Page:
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Why was deal to evacuate Syrian towns brokered by Qatar and Iran?

A deal brokered by Qatar and Iran that ignores Turkey and Russia — the largest respective sponsors of the opposition and the regime in Syria — threatens to derail broader peace talks aimed at ending the tragic civil war.
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The evacuation of four Syrian towns that have been besieged since 2015 began on April 4 in a sectarian fashion. While civilians and opposition fighters will leave the towns of Madaya and Zabadani near Damascus, residents of al-Foua and Kefraya, two government-held towns located in the province of Idlib, will be given safe passage. The Sunnis will be transported to rebel-held Idlib and the Turkish-controlled town of Jarablus in the north, while the Shiites will be taken to the government-controlled areas of Damascus. The evacuation is scheduled to last 60 days. To make it possible, a truce will take effect in the areas south of Damascus and in several parts of Idlib province. The cease-fire will allow aid to be delivered. In addition, the deal will also see the Syrian government release 1,500 prisoners.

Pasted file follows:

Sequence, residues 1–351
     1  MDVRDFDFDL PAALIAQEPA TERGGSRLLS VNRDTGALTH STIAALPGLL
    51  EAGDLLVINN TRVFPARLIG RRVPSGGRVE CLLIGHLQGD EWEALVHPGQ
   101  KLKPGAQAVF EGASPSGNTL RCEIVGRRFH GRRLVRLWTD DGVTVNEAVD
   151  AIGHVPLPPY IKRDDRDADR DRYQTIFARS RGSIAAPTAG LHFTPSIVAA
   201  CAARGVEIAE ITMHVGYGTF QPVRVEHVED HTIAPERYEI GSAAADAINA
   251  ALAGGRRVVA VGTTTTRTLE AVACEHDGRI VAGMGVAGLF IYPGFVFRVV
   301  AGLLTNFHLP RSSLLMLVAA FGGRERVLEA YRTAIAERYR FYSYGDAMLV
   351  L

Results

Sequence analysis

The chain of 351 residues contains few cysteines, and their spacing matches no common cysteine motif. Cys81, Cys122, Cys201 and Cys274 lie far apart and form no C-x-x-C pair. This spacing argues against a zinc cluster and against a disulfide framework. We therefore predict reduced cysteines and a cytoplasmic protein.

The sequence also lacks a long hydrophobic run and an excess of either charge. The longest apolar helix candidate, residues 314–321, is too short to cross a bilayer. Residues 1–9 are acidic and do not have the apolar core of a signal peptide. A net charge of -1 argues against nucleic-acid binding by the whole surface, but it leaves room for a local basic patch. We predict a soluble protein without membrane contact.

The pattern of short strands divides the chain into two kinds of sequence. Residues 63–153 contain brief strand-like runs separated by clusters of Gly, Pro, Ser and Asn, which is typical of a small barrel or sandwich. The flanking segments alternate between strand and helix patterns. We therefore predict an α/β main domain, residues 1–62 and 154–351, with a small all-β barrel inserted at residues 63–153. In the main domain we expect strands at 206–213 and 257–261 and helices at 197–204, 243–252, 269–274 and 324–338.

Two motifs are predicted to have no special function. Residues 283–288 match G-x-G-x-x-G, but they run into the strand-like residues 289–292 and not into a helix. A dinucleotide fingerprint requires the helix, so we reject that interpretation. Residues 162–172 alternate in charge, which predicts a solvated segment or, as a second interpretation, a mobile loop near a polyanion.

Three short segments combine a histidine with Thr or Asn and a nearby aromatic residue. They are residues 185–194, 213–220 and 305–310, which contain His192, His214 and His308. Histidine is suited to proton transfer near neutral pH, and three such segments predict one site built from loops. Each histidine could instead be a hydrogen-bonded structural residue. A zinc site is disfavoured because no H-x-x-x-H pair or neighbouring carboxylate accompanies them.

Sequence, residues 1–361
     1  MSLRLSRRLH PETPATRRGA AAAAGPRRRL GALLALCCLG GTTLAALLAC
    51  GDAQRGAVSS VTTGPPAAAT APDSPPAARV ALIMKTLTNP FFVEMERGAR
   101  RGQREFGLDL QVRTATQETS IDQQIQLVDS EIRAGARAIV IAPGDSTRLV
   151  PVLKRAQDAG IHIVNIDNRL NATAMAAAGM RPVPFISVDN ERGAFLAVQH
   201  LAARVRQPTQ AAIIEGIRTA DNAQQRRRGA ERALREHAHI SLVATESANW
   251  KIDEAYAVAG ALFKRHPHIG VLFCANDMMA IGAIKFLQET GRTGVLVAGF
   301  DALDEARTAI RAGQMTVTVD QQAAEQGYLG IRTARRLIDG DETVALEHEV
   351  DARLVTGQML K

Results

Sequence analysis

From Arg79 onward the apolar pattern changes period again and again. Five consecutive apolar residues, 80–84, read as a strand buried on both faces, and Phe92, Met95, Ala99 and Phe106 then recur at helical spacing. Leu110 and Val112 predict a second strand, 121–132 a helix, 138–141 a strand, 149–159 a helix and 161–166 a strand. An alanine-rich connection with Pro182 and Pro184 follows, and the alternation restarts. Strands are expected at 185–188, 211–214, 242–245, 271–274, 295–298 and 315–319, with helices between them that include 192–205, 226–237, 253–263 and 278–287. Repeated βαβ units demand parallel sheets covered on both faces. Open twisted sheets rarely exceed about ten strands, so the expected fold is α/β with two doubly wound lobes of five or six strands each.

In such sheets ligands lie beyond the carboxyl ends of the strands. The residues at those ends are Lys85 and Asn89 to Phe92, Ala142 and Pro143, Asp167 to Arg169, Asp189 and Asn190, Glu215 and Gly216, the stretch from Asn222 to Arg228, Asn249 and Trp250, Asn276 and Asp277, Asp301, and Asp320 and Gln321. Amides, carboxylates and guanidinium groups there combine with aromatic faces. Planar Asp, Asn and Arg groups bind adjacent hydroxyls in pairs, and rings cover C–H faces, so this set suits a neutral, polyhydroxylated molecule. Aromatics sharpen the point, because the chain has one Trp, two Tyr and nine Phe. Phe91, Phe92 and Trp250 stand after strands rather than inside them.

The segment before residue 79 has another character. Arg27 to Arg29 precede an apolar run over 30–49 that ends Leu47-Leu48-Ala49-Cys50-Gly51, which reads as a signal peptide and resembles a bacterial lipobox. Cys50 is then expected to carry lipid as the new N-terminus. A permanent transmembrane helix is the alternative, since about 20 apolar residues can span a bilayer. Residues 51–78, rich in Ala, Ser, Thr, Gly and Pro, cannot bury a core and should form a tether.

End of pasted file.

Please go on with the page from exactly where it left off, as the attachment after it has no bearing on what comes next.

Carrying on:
At first glance, the evacuation seems like a logical and expedient step in the way events have been unfolding. Opposition fighters and their families have recently been taken from the city of al-Waer in Homs province to Jarablus. The current deal, however, was different. The Syrian Observatory for Human Rights and other sources reported that Hayat Tahrir al-Sham (HTS) plus Hezbollah and Iran's Islamic Revolutionary Guard Corps reached this agreement on March 28 with mediation from two external players, Iran and Qatar. 

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